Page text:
We hope to explore why modern Christianity in Chattanooga lacks the wherewithal to fight state absolutism as did that of the Scots. The weakness of the Christian church is long in the making, being evidently part of God’s sovereign decree. It will be long in the reversal. We’d like to think that as Americans and their culture grow to look more and more like a government welfare program, as social dysfunction spreads and economic collapse widens like sludge spreading from a broken sewage main, we might be helpful as journalists to other ordinary Christians like ourselves.
We don’t expect to change anybody’s mind on fundamental points or to be influential with crowds. We’re not liable to win many clicks of the “like” button.
RATHER, NOOGANOMICS will content itself to be a minority report, an alternate view, the revisionist’s scuffling across the shiny and close-fitting pieces of shell that is the official narrative. In tiny chinks we find foot- and handholds. Whether delving into the Hamilton County school zoning dispute or the city gang problem, we hope to take seriously the content of people’s religious commitment — and then, with our free hand, to point out how these beliefs really are world changing, for better or worse, as Richard Weaver argues in his book about ideas and consequences.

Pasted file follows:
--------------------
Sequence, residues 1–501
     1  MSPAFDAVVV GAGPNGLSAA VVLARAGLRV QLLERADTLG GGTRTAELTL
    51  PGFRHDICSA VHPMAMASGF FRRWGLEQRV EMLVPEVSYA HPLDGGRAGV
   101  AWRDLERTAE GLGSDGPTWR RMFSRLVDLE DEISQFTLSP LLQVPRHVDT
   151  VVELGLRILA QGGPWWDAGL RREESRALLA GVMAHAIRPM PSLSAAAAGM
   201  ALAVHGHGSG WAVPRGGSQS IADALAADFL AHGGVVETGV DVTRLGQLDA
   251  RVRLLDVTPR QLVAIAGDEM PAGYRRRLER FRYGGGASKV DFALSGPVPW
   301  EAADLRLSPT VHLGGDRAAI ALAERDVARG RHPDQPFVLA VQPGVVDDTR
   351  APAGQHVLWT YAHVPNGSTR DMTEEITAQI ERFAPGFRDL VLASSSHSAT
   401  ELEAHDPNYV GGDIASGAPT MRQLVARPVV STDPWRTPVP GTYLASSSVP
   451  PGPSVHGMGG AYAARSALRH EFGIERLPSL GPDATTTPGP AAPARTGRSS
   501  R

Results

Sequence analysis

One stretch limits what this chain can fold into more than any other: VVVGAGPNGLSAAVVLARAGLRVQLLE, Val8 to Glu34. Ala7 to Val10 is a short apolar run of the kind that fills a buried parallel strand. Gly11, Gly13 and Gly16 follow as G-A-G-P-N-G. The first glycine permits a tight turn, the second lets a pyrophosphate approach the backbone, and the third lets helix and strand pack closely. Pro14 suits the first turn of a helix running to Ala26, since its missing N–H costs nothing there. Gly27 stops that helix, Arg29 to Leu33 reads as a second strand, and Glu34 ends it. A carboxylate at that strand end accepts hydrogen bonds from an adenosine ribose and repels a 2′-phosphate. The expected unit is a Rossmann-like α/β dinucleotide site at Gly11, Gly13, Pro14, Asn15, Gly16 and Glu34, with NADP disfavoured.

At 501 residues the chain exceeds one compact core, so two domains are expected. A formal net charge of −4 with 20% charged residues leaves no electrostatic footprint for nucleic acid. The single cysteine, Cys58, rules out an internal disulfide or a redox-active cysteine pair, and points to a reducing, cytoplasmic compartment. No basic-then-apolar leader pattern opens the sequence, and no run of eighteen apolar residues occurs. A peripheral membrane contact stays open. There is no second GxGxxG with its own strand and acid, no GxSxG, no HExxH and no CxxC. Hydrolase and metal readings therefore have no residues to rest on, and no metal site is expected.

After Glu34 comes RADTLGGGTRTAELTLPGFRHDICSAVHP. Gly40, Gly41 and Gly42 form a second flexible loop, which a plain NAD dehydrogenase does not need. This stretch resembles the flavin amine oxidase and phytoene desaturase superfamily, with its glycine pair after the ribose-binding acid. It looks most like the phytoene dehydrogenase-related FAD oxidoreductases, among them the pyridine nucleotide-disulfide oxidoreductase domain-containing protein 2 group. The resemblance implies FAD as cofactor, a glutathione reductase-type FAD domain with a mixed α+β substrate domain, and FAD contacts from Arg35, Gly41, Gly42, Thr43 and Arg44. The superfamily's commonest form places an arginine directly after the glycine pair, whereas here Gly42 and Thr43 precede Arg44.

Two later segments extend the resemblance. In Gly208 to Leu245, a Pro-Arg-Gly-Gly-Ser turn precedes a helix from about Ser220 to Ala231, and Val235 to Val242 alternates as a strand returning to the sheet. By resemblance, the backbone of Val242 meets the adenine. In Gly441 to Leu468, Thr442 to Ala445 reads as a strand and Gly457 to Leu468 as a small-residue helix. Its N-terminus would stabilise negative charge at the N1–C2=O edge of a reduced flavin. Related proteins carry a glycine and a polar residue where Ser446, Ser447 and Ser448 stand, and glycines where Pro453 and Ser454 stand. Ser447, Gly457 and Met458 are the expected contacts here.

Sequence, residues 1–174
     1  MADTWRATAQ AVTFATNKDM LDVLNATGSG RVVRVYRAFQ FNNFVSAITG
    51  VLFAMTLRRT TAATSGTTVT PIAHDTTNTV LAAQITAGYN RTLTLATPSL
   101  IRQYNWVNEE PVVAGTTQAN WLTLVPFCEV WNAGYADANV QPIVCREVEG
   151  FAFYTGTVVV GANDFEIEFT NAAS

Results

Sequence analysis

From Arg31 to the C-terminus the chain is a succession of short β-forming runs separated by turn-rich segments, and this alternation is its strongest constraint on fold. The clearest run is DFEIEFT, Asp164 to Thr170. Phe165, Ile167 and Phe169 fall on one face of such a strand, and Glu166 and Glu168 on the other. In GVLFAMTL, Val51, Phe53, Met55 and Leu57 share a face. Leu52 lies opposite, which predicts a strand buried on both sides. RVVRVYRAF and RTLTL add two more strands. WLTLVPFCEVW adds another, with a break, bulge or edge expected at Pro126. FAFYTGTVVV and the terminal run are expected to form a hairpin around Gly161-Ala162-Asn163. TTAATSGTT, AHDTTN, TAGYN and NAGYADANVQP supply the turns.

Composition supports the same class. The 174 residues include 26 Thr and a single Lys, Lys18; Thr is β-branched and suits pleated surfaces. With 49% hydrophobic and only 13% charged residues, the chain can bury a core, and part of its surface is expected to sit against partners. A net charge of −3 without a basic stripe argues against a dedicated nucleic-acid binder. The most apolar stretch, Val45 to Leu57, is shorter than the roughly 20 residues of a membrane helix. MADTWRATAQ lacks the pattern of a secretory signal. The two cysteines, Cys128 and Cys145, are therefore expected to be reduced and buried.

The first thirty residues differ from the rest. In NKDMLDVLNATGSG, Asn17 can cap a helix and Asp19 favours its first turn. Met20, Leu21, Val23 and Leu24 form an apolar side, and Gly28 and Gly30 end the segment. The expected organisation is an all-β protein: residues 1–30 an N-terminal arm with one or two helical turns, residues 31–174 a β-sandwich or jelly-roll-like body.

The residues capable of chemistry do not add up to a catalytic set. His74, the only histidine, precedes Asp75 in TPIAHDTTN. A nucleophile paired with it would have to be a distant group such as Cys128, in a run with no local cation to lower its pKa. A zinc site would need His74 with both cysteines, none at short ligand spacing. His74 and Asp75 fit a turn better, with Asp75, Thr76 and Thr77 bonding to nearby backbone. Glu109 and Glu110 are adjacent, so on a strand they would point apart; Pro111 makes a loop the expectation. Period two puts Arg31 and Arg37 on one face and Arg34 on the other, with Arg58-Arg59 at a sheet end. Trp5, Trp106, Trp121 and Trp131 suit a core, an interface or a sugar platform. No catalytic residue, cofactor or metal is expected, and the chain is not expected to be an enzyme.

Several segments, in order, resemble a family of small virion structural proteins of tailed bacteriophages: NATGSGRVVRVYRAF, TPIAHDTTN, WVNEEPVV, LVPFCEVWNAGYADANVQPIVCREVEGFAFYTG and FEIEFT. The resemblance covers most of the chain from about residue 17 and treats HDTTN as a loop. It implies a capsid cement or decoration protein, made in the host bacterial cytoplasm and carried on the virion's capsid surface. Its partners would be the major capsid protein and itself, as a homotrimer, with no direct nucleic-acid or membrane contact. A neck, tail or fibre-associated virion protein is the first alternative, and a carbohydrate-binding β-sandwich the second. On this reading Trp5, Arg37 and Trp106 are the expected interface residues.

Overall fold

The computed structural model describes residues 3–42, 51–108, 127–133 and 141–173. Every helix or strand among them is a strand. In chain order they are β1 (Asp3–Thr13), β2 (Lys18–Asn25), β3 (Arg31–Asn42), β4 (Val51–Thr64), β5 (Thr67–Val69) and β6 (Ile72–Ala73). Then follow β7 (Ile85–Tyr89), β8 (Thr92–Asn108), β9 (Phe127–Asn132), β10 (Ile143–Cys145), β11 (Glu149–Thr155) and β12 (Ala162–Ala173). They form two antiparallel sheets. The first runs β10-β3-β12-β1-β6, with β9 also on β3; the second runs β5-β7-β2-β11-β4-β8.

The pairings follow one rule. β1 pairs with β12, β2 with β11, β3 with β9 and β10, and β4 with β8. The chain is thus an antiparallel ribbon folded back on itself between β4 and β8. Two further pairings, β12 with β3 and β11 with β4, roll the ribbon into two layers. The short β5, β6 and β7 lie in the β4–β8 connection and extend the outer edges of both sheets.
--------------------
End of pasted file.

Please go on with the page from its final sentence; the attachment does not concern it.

We suspect you are wary of the official storyline, exhausted by myriad placeless voices telling you what to think, of Fifth Avenue and White House propaganda extolling new plans, of remote talking heads luring us toward sleek gadgets of glowing screen or to long-entombed heresies.
Nooganomics is a privately capitalized full-time endeavor and a means of our making a living. But we hope to make it not about us, but about you.
We work as journalists and offer this website as the fruit of an act of imagination. In a daily process we try to live out life where you are and in terms with which you are familiar, then offer a point of friendly banter in which a very slight divergence in our views bring you — and us, too — something fresh, self-revelatory, perhaps actionable.
[Sources: Mark Kennedy, “Scots-Irish roots run deep in the South,” “Health care law foes fear ballooning big government,” Times Free Press, March 18, 2012; see The Scots-Irish in the Hills of Tennessee, Billy Kennedy, 1995.]